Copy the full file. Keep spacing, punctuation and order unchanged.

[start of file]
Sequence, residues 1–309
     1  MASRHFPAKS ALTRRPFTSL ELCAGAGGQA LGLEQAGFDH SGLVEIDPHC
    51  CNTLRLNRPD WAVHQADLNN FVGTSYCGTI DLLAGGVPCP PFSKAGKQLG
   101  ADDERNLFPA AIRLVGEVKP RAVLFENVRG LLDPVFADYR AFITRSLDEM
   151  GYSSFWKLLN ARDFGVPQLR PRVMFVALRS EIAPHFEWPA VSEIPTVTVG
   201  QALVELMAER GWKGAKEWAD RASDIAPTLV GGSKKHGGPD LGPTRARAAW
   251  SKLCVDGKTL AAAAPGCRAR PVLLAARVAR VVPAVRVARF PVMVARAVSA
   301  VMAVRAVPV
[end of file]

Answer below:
Sequence, residues 1–309
     1  MASRHFPAKS ALTRRPFTSL ELCAGAGGQA LGLEQAGFDH SGLVEIDPHC
    51  CNTLRLNRPD WAVHQADLNN FVGTSYCGTI DLLAGGVPCP PFSKAGKQLG
   101  ADDERNLFPA AIRLVGEVKP RAVLFENVRG LLDPVFADYR AFITRSLDEM
   151  GYSSFWKLLN ARDFGVPQLR PRVMFVALRS EIAPHFEWPA VSEIPTVTVG
   201  QALVELMAER GWKGAKEWAD RASDIAPTLV GGSKKHGGPD LGPTRARAAW
   251  SKLCVDGKTL AAAAPGCRAR PVLLAARVAR VVPAVRVARF PVMVARAVSA
   301  VMAVRAVPV